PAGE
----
Welcome to the August 2014 issue of the Global Washington newsletter. If you would like to contact us directly, please email us.
IN THIS ISSUE
- Letter from Our Executive Director
- Question of the Month
- Members in the News
- Featured Organization: Committee for Children
- Changemaker: Tazin Shadid, Founder and CEO, Spreeha Foundation
- Member Recognition: Orphans to Ambassadors Answers the Call on International Youth Day
- Welcome New Members
- GlobalWA Member Events
- Career Center
- GlobalWA Events
Letter from Our Executive Director
Many know Global Washington because of the successful conference we’ve held each of the past five years. This year, our premier event is on December 3 on the Seattle waterfront, and registration is now open. We’ll bring you the same quality networking and most popular sessions from years past, including the Learning from Failures session, a favorite in 2013. But you’ll also see brand-new content and cutting-edge formats. Session topics include new financial models for international NGOs, CSR and corporate giving, filling the talent gap, charting a clear path through corruption and more. All of our topics will be tailored to international issues and to practitioners who are working on the ground, and we will be updating our conference webpage as speakers are confirmed. In the meantime, save your spot and register!
In other news, we’ve been busy throughout August meeting with our Washington State congressional delegation. Global Washington hosted roundtable discussions with Republican and Democratic elected officials to give our GlobalWA members a chance to promote their work. In addition, we held an advocacy workshop for executive directors to help them frame their work to make it more relevant to Congress. Raising the profile of the global development community in the eyes of our elected officials is important to Global Washington. We also want to thank our elected officials when they are champions on international issues we care about.
I hope you enjoy the rest of the summer, and I look forward to a productive rainy season this fall!
GlobalWA will ask you a question every month and synthesize the responses and make available to our member organizations. Please take a moment to respond to the question for this month:
Do you have staff/volunteers working in South or Southeast Asia?
Members in the News
Puget Sound Business Journal’s 40 Under 40 program recognizes accomplished local leaders under the age of 40. We are excited to announce that three outstanding individuals from Global Washington member organizations were named to this year’s list.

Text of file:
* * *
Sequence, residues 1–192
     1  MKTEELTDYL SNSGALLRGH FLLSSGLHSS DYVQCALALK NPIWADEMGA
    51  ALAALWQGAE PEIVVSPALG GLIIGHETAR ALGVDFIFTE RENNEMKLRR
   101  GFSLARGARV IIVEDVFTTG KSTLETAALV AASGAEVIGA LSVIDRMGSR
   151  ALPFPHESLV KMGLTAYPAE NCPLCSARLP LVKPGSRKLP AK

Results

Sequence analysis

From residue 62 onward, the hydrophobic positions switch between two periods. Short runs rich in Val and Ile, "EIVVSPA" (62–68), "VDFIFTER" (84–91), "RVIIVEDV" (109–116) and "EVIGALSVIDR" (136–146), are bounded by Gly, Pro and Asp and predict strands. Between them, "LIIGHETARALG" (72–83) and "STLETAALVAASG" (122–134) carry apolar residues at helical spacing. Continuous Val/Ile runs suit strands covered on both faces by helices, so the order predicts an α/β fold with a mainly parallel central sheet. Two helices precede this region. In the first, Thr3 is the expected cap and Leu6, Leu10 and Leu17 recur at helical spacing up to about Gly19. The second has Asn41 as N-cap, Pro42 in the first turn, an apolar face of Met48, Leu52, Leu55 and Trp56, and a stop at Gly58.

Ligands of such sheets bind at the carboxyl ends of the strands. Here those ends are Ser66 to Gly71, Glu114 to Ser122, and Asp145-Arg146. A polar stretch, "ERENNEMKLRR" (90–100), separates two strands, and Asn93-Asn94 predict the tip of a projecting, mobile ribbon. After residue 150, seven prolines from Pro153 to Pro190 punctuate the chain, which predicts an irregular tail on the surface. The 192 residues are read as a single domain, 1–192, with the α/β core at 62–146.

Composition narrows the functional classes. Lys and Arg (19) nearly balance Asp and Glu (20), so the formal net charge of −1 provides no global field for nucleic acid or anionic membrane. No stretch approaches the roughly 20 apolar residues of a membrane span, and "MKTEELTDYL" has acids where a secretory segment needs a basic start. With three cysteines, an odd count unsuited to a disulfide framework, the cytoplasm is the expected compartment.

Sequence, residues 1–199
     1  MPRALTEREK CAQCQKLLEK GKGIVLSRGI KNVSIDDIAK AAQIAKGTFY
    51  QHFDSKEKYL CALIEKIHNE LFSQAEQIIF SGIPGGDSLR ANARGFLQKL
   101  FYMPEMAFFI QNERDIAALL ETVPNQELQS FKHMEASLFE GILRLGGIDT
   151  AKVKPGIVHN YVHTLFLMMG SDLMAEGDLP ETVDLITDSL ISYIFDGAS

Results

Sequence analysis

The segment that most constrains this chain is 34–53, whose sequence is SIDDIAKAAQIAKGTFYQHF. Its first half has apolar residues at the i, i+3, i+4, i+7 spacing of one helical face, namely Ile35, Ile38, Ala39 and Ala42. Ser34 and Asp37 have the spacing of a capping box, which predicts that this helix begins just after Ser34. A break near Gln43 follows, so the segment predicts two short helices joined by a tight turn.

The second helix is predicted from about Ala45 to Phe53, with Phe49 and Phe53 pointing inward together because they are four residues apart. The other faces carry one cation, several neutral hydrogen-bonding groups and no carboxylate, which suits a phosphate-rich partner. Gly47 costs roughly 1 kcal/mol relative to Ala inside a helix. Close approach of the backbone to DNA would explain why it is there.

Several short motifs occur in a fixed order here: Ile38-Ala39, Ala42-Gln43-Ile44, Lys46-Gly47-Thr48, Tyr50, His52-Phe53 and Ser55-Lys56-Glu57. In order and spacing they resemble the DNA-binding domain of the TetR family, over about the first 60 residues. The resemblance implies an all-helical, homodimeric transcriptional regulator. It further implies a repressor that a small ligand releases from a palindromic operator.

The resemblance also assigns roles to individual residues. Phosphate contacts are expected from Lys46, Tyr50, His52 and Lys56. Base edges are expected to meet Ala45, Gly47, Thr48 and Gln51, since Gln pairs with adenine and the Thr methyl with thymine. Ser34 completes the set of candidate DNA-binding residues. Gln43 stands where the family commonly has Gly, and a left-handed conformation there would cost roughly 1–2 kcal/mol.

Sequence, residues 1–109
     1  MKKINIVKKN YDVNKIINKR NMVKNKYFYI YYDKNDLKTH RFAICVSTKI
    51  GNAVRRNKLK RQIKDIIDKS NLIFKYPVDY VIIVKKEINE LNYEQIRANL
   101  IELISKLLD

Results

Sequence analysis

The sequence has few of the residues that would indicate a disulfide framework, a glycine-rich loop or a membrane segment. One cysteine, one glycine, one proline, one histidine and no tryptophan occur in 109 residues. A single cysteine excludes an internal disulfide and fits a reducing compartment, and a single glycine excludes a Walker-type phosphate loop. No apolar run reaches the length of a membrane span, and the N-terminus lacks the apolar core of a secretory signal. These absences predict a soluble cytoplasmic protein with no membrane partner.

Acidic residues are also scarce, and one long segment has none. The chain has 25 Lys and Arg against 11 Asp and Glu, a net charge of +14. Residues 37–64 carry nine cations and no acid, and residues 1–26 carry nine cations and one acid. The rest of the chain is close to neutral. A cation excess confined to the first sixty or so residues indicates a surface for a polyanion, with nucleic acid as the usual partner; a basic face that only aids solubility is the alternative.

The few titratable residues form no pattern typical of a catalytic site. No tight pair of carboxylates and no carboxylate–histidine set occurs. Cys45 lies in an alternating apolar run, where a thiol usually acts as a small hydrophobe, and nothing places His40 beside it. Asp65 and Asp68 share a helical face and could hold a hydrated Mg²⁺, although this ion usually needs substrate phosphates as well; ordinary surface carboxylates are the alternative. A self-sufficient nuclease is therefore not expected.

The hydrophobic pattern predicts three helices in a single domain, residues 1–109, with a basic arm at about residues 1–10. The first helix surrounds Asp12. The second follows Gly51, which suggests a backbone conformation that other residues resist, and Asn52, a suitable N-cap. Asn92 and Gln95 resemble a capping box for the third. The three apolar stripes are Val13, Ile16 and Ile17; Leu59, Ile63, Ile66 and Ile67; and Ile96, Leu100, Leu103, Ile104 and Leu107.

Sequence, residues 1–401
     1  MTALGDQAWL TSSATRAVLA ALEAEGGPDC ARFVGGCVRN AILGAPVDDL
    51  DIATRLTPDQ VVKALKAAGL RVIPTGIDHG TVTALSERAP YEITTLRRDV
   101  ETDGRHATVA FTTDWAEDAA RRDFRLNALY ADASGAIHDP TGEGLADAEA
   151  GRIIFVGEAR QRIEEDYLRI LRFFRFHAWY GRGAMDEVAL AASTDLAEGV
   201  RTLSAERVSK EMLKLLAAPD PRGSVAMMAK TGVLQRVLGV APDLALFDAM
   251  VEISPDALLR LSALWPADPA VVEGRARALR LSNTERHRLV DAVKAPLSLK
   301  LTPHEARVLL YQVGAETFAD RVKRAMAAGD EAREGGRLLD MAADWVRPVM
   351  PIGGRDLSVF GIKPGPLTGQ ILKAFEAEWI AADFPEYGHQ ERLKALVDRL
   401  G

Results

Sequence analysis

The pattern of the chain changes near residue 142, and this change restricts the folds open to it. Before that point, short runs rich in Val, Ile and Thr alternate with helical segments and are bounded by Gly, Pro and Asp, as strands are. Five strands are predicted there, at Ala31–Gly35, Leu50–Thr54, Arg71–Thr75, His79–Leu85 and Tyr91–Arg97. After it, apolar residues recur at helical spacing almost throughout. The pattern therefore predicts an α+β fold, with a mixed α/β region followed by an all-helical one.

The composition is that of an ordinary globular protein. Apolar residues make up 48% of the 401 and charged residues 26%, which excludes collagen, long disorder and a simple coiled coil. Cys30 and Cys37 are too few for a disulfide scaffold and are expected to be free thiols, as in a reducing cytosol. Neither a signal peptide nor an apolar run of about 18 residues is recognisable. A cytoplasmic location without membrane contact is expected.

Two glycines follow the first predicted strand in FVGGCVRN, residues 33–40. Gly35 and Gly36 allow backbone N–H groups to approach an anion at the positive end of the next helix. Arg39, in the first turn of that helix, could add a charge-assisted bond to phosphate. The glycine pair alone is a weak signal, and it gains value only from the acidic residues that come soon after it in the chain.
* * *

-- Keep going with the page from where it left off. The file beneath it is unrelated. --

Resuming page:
Please join us in congratulating: Sachi Shenoy, Executive Director and Co-Founder of Upaya Social Ventures; Saara Romu, Senior Program Officer for Bill & Melinda Gates Foundation; and Jeremy Wacksman, VP of Marketing & Product for Zillow.
The complete list of honorees can be found here.
Committee for Children
By Gailyn Portelance
Walk into Committee for Children’s Seattle headquarters and you will see a dynamic array of puppets, colorful posters, teaching cards, DVDs, lesson notebooks and music CDs lining the walls. Materials from Japan, Chile and Scandinavian countries sit by side the U.S. materials, with nearly identical components, but with distinguishing characteristics of language and design. Culturally adapted and translated teaching materials are currently used in a dozen countries.
Committee for Children (CFC), a Global Washington member, develops and publishes a teaching curriculum called the Second Step program, which aims to help strengthen children’s social and emotional health, a program for students ranging from preschool to middle school. A newer program, the Bullying Prevention Unit, provides schools training and student lessons to prevent and manage bullying.
Currently, schools in over 70 countries use Committee for Children’s programs, impacting over 9 million children worldwide.
CFC’s roots trace back to 1979. Drs. Jennifer James and Debra Boyer, both cultural anthropologists at University of Washington, founded Judicial Advocates for Women to sustain an avenue for research and child sexual abuse prevention. In 1981, the group produced the Talking About Touching program, a personal safety and sexual abuse prevention curriculum, which is still taught today. (This fall, Talking About Touching will be replaced by CFC’s newly minted Child Protection Unit.)
In the mid-1980s, the small leadership team began refocusing its goals towards prevention of violence in schools, and in 1986 adopted the name Committee for Children.
“We wanted to take a deeper step into prevention of abuse,” said Joan Cole Duffell, CFC’s Executive Director, who was a member of this early team. “We started looking at the literature on what makes people hurt others, what are the social- emotional skills violent offenders lack. So, from the beginning, our roots were all about teaching kids skills to prevent problem behavior while also teaching adults how to model and reinforce these skills.” A year later, the Second Step violence prevention program was launched.
The evolution of CFC represents the organization’s dedication to developing programs that are in line with the latest research, as well as a growing importance and emphasis on a type of learning called Social-Emotional Learning (SEL).
SEL helps children and adults acquire the ability to understand and manage emotions, set and achieve positive goals, feel and show empathy for others, establish and maintain positive relationships and make responsible decisions1. Current research supports the philosophy behind these programs and reveals that, if students can develop prosocial behavior to better their social and emotional health, it will lead to safer school environments and increased academic success.